In American English fast speech, I observed that the 'n' sound in certain words containing -rn- consonant clusters such as 'learning' and 'burning' appear to be pronounced as a voiced retroflex nasal [ɳ] rather than a voiced alveolar nasal [n], thus yielding [ˈlɝɳɪŋ] instead of [ˈlɝnɪŋ] in the case of 'learning'. I would like to know if this is a recognized phenomenon.

  • @Lambie why would English have trill r-sound [r]?
    – AehkGuu
    Commented Apr 4 at 14:44
  • Presumably you need to consult "the open Carnegie Mellon University Pronouncing Dictionary" for the meaning of [r] used here.
    – GEdgar
    Commented Apr 4 at 14:58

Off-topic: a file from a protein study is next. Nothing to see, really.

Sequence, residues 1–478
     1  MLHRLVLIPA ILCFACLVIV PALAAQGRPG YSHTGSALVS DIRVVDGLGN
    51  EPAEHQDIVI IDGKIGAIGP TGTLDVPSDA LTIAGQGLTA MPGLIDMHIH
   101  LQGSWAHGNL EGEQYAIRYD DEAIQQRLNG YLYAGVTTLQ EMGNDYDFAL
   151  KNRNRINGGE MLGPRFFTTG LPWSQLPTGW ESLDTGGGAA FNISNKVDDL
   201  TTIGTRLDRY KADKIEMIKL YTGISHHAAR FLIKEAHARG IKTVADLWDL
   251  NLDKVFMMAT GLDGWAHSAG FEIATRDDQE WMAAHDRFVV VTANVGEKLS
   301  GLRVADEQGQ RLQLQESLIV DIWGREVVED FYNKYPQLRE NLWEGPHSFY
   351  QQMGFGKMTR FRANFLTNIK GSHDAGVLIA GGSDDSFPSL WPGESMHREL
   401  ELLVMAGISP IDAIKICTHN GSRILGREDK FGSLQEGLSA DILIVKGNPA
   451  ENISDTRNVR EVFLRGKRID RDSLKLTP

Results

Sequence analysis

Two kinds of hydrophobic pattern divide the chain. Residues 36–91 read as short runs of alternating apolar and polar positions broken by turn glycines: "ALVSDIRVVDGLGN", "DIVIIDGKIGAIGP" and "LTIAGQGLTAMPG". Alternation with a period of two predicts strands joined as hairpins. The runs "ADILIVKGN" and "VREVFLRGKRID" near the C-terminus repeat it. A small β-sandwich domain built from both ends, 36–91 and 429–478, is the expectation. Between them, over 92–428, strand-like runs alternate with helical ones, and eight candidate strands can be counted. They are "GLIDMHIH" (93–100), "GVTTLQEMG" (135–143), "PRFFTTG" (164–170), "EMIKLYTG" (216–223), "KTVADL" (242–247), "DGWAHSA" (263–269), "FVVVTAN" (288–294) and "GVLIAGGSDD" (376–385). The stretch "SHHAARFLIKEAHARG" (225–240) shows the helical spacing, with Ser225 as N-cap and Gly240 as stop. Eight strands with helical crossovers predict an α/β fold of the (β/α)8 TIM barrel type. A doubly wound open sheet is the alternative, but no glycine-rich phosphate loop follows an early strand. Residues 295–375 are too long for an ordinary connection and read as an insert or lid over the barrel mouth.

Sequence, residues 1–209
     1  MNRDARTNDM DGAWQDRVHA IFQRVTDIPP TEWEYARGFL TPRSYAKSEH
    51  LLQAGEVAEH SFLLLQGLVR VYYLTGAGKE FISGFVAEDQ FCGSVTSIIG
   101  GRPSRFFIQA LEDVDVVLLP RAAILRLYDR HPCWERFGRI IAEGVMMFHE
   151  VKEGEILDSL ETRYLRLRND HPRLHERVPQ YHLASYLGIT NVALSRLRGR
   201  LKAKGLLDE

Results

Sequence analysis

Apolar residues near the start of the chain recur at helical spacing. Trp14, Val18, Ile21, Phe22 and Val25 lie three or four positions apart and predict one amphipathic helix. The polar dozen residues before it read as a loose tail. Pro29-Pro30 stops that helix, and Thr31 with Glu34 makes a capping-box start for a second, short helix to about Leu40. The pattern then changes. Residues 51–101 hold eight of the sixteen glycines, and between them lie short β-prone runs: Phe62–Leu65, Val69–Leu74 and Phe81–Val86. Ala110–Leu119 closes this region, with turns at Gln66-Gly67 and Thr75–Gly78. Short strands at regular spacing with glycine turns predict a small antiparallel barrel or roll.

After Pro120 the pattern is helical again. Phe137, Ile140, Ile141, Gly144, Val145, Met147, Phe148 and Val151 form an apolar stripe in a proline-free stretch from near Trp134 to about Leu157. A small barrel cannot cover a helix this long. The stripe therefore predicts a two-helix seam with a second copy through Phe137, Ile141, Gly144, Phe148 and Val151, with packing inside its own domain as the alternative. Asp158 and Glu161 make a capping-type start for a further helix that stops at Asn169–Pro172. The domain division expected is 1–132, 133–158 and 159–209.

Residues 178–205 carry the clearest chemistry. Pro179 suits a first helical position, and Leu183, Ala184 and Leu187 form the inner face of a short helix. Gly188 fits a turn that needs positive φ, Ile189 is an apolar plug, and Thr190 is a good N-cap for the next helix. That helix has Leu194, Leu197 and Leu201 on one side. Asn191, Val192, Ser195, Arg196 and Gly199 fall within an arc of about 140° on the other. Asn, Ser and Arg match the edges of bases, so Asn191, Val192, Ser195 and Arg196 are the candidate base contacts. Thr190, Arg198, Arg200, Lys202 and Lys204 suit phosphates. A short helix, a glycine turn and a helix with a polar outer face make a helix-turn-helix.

• Apologies for the misinterpretation. However, I think the phonetic transcription is too broad and unreliable.
    – AehkGuu
    Commented Apr 4 at 15:43
  • 2
    @AehkGuu Unfortunately, despite that website's name, it's actually producing phonemic transcriptions, not phonetic ones.
    – alphabet
    Commented Apr 4 at 16:24
  • 1
    @Lambie As that website's FAQ notes, it's actually providing phonemic transcriptions, not phonetic ones. Why the website is named "To Phonetics" I do not know.
    – alphabet
    Commented Apr 4 at 16:31

1 Answer 1


Yes, this is a recognized phenomenon. There was a related question I answered a while back about how, in American English, a flapped /d/ after /r/ can become a retroflex flap [ɽ]. Since /n/ can also undergo flapping, the same phenomenon occurs, making a nasal retroflex flap [ɽ̃].

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